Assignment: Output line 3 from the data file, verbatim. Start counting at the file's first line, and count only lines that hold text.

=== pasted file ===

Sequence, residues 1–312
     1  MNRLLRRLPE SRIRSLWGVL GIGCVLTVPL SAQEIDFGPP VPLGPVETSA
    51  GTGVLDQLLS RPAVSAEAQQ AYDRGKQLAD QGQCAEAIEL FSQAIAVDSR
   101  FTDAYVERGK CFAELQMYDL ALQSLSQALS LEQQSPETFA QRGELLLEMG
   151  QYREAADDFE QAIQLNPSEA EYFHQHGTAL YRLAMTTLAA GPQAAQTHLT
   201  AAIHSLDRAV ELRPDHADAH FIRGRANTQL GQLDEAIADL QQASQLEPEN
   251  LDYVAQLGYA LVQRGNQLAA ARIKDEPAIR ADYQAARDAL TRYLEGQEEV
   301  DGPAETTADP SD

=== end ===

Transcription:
    51  GTGVLDQLLS RPAVSAEAQQ AYDRGKQLAD QGQCAEAIEL FSQAIAVDSR